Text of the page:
"Iíve raced against the Harkriders many times over the years and they are quite tough," said Smyth, a resident of Fort Walton Beach, Fla. "Today, we were not only able to beat them, but also to put a boat in between, which was big."
Smyth has beach catamaran veteran Keith Notary working the bow and calling tactics. Charles Nethersole (jib) and Marc Blouin (mast) complete the crew aboard Rocketeer, which is owned by Ken Winters of South Lake, Texas.
Winters, who has minimal use of one leg due to the affects of polio, is slated to join the team beginning today.
"It has been Kenís life dream to get into a sport that he could do himself. I thought it would be cool to set this up for him," Smyth said. "He may have some mobility problems on the boat, but weíll make it work."
Chippewa continued its strong performance in PHRF 1 as skipper Clay Deutsch steered the Swan 68 to its third straight first-place finish. Storm, a Reichel-Pugh 43 owned by Les Crouch, grabbed bullets in both races yesterday to take a comfortable lead in PHRF 2.
Chippewa and Storm are among four leaders in Division 2 that have won three of the four races held. Rain Cloud (J/133, Mike Rose) and Tiburon (Melges 30, Michael Gray) have accomplished the same feat in PHRF 3 and 4, respectively.
Bounder, a Sydney 36 owned by David Hudgel of Detroit, maintained its lead in PHRF 6 with a first and second yesterday. Hudgel has noticed positive effects from a new racing bottom consisting of performance epoxy.
"Our downwind legs have been where weíve moved out on people and thatís surprising because weíve always been known as an upwind boat," Hudgel said.
This is the third Key West for Hudgel, who took 10th in a 13-boat class in 2002 then improved to third in PHRF 5 a year ago.
"Everything is falling into place. This crew has been with me for two years and weíre getting great coordination. Our tactics are sound and our trimming is solid."
It didnít make sense that a boat named Sooner Magic listed a home port of Forth Worth, Texas. Owner Mac Kilpatrick cleared up the confusion, explaining that he and most of his crew hail from Oklahoma City yet sail out of the Forth Worth Boat Club.
What is clear is that Sooner Magic is well sailed, evidenced by a line of 1-5-1-2 that has Kilpatrick atop the 20-boat J/80 class with nine points.
"Weíre doing a real good job of getting lucky," Kilpatrick said. "We have decent boat speed, but we have also been blessed with being in the right place at the right time."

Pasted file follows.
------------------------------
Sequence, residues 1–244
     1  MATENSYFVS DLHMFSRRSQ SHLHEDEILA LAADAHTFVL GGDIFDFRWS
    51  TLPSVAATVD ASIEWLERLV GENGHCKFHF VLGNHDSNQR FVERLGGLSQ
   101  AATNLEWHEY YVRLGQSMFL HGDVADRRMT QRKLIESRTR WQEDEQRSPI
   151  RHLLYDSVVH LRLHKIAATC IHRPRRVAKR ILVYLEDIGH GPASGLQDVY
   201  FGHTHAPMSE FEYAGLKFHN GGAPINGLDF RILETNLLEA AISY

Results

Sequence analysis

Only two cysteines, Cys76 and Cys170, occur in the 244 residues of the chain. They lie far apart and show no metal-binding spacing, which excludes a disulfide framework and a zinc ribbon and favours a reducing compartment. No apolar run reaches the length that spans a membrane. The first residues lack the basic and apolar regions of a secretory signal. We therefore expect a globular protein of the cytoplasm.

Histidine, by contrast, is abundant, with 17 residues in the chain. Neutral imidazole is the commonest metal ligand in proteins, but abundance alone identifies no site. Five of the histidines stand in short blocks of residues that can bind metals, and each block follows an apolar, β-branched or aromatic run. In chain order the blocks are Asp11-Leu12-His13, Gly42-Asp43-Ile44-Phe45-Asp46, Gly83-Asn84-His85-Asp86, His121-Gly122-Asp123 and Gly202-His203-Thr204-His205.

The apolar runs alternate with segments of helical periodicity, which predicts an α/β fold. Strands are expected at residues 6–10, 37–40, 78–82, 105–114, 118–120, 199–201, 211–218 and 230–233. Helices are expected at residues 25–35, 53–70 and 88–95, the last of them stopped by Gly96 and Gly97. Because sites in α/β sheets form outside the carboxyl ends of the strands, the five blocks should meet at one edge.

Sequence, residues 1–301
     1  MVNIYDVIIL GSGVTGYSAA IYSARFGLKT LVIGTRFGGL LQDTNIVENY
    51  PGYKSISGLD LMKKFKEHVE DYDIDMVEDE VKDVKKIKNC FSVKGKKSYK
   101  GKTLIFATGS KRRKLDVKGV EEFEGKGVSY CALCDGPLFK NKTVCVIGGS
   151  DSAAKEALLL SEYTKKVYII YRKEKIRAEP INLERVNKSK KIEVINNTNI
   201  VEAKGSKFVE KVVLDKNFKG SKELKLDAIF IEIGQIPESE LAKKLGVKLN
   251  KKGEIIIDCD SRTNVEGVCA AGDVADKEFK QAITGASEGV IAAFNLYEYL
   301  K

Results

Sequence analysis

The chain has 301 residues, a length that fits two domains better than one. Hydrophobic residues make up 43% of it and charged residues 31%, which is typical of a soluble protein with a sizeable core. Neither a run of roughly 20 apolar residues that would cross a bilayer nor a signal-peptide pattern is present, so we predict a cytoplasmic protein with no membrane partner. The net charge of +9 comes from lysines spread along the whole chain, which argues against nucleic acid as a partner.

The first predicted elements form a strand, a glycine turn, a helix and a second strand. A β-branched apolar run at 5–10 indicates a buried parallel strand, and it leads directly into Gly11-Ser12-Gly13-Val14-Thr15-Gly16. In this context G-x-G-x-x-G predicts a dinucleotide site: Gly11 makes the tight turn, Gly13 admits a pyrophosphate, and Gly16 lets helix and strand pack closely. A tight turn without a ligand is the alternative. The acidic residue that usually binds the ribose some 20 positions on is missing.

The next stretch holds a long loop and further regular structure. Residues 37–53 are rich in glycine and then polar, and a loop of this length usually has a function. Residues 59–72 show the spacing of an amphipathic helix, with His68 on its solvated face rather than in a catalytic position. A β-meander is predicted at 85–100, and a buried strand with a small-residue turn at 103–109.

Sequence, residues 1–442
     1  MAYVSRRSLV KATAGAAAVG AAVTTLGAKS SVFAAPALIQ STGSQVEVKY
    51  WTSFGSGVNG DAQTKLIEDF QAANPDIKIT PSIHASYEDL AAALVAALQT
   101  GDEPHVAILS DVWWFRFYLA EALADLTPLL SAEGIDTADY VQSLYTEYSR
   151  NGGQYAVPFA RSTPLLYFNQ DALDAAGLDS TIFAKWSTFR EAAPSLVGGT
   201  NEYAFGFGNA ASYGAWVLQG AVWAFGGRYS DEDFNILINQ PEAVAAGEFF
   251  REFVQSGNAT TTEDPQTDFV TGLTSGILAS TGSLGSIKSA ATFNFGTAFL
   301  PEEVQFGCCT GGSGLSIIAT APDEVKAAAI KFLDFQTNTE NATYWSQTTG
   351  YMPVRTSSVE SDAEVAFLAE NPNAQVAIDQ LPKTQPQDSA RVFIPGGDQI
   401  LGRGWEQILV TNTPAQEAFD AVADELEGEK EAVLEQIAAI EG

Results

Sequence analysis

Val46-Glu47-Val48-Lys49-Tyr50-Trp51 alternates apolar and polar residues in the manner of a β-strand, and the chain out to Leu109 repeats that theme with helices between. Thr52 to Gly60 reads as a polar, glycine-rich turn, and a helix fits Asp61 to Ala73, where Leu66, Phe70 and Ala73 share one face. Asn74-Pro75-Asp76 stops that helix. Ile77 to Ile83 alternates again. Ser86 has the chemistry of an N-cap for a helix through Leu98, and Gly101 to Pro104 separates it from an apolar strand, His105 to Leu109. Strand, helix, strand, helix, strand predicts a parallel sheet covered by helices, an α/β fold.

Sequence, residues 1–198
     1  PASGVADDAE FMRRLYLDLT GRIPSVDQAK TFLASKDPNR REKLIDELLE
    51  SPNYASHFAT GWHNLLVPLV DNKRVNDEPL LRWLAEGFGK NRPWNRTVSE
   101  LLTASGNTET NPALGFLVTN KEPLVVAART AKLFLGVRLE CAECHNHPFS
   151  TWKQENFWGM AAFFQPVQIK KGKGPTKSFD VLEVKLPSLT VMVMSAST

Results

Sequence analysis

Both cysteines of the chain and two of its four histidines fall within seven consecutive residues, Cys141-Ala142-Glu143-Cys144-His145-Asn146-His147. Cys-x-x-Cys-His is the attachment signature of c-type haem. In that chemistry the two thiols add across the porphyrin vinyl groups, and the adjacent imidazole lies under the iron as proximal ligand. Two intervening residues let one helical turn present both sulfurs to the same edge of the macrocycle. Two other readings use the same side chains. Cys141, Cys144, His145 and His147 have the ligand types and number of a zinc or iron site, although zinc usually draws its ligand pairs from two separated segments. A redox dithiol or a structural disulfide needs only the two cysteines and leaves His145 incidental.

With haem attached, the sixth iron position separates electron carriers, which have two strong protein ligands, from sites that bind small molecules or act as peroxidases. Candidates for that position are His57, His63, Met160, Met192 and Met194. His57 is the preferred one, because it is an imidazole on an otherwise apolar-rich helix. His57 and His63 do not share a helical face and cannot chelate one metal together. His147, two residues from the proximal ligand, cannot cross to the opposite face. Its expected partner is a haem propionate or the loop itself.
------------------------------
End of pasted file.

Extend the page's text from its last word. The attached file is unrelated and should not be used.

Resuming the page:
While it may appear Sooner Magic has a comfortable lead, Kilpatrick pointed out that an expected throwout would change things. Second-place Warrior (Craig and Martha White, Fort Worth) cannot wait to toss a 13th suffered in Race 1.
"If you factored in throwouts right now it would be tied. Itís really neck-and-neck and the Whites are smart sailors with a fast boat," Kipatrick said.
The father-son battle between Philippe and Samuel "Shark" Kahn continued in Melges 24. It was a big day for 14-year-old Shark, who took the overall lead away from his pop with a fourth and a first.
Defending champion Zuni Bear seized the lead in J/105 with a first and a second on Tuesday. Skipper Richard Bergmann was beaming about his teamís ability to rebound from a 19th in Race 2.
"It feels good. Everybody was sulking about what happened yesterday, but they feel better now," Bergmann said. "We played the shifts much better and didnít take any flyers. We were 12th at the first mark in the second race, but we just kept picking off boats."
Patriot is appropriately named since the Evelyn 32 has crew members representing five different states. Owner Chip Crawford hails from Lexington, Ky., while tactician Joe Waters is a sailmaker from Columbia, S.C.
There are also sailors from Michigan, Ohio and Georgia onboard the boat, which Crawford has owned since October.
"This is my first time racing at Key West and Iím loving it," he said.
A solid and consistent line of 1-3-2-3 has certainly bolstered Crawfordís mood. Patriot holds a narrow lead over Phaedra and Bloody Hell, which are also Evelyn 32s.
"This team hasnít sailed together before so we are still feeling things out, but our boat speed has been good and weíve made some good tactical calls."
The crew aboard the Nelson-Marek 30 Invincible was downcast upon return to the dock after enduring what they thought was a tough day. It turns out that co-owners Brian Lees and Jeff Gastrau remain first overall in PHRF 9 after taking a second and a fourth on corrected time.
"We knew it would be extremely difficult to do well in this class and that has been the case," said Gastrau, who thought Invincible endured a deeper finish in Race 4. "All of the boats are sailed very, very well so you had better be spot-on. One ugly race could ruin your chance of winning the regatta."
Liquor Box, co-campaigned by Chuck Simon and Bill Buckles, is looking to repeat as champs in Tartan 10. Buckles has steered the Key West entry to all top three finishes, but has Tim Rathbun (Cygnet) and Andrew Nicoletti (Maverick) breathing down his neck.
"Itís been very tight racingÖ we won todayís second race by only five seconds," Simon said. "We welcome the increased competition. Itís nice when you have to work hard to win."
PREMIERE RACING HOME | KEY WEST 2004 | CONTACT US